Cycling group wants Dublin streets cleaned near building sites
Campaigners say more slips and falls by cyclists due to dirt and oil from construction vehicles
About 250 members of the Dublin Cycling Campaign conducted a rolling protest along Dublin’s Liffey Quays last month to highlight ongoing delays in developing proposed Liffey Cycle Route. File photograph: Alan Betson
A Dublin cycling group has asked Dublin City Council to clean up several traffic junctions after reports of increased slips and falls by cyclists on greasy road surfaces near construction sites.
Dublin Cycling Campaign, the voluntary group that lobbies for improved conditions for cyclists, made the request after more than 100 people fell from bikes in January.
The campaign mapped reports of cyclists falling or their bikes slipping due to oil or grease on the roads and found that the incidents were caused around constructions sites in the city.
The locations of the incidents include the national children’s hospital in Kilmainham, the new Technology University of Dublin (former DIT) campus in Grangegorman and Broadstone, at a junction next to a construction site in Stoneybatter and various sites in the Docklands.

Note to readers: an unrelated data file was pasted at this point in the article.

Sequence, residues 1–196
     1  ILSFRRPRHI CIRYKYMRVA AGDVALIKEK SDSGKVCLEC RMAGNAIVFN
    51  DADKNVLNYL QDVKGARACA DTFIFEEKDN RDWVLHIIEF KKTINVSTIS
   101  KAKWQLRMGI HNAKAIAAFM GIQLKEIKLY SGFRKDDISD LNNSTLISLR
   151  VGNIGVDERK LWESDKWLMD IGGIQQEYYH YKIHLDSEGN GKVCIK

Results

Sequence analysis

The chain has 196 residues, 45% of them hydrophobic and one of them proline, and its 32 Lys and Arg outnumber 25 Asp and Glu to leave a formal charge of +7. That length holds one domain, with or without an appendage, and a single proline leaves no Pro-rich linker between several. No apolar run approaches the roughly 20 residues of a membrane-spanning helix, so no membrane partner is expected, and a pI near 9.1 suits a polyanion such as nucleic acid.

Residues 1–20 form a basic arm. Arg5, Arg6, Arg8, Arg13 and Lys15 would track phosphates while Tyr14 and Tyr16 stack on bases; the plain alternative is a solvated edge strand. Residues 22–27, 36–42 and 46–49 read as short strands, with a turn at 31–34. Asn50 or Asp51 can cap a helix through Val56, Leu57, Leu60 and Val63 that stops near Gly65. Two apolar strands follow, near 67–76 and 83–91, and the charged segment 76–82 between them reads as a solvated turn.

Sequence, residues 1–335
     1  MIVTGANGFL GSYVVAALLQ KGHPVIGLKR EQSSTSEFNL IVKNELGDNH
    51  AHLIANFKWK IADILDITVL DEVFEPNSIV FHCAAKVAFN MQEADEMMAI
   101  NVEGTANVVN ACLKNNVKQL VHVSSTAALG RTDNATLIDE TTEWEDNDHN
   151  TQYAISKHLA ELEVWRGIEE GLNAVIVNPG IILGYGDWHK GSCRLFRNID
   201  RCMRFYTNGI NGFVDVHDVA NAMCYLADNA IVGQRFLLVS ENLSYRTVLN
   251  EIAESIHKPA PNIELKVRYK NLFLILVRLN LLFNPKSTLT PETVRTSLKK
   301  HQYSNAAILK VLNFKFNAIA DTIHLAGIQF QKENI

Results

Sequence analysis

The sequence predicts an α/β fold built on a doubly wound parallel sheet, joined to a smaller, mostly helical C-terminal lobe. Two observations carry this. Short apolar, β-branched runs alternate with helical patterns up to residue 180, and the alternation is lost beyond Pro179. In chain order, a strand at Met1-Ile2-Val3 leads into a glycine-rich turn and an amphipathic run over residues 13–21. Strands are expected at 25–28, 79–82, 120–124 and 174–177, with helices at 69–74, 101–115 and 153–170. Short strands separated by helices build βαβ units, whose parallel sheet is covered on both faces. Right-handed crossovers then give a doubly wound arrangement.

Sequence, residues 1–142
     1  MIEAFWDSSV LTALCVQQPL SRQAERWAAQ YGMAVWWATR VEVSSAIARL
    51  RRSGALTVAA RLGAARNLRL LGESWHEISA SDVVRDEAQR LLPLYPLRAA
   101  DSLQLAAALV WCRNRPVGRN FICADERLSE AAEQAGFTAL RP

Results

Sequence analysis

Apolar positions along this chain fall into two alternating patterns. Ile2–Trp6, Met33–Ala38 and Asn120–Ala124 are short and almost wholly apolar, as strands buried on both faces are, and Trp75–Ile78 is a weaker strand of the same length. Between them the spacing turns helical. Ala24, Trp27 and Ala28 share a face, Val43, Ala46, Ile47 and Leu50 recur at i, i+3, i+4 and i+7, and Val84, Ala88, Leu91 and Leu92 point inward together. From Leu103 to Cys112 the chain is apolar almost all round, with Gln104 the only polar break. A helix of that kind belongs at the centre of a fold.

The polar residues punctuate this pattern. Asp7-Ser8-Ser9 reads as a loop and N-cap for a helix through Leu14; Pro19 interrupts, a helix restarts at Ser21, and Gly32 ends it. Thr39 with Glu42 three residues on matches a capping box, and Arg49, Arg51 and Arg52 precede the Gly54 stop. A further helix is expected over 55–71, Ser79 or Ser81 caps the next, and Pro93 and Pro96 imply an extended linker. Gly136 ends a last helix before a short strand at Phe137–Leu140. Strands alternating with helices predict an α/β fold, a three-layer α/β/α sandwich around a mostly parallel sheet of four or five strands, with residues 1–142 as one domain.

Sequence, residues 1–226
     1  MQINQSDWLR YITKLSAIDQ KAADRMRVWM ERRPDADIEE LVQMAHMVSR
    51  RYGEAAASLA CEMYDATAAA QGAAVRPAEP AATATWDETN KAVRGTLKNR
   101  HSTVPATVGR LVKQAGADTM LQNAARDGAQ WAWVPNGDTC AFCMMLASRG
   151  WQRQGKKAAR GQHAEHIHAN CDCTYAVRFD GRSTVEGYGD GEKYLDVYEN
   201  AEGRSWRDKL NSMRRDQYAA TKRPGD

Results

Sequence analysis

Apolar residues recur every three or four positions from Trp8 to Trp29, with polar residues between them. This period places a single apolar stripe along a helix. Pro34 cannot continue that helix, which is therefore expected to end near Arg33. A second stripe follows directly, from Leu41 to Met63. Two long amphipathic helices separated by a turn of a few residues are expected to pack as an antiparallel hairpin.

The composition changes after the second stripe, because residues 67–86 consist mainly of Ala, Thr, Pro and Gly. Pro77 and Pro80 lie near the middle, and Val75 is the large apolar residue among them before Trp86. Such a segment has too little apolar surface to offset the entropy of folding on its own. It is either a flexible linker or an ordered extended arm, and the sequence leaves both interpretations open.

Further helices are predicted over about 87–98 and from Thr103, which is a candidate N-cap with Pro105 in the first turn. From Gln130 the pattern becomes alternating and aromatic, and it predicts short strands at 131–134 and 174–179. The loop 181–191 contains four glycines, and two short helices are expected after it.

There are 10 junctions around the city where the campaign says there have been multiple slips and falls reported, including seven on Macken Street in the Docklands, six on Thomas Street and Thomas Court and three at Rialto roundabout.
The campaign’s analysis of the timing of the incidents shows that there was an increase in incidents on three dates – January 23rd, 29th and 30th – days when Met Éireann’s weather station in the Phoenix Park reported that there was no rainfall and temperatures did not dip below freezing.
Injuries ranged from cuts and bruises to more serious cases including fractures.
One cyclist fell at the junction in Stoneybatter and suffered a dislocated elbow requiring surgery. While the cyclist waited for an ambulance, two others fell at the same corner.
Kevin Baker, chairman of Dublin Cycling Campaign, said the group believed that oil and grease from lorries and construction vehicles entering and leaving building sites were to blame.
“Many of these reports are coming from people who have been cycling in the city for 10 years and they have never seen the roads like this or this number of slips and falls,” he said.
“The lack of rain could have led to a build-up of these hazardous materials, creating greasy slicks in many areas.”
Mr Baker acknowledged that the reported increase was based solely on anecdotal evidence.
“It is still a very serious issue,” he said.
Management plans could be changed to compel building firms to clean roads leading to construction sites and to carry out “wheel washes” on trucks entering and leaving, he said.
A spokeswoman for Dublin City Council said that it was not in a position on Sunday to comment on the number of slips and falls reported by cyclists.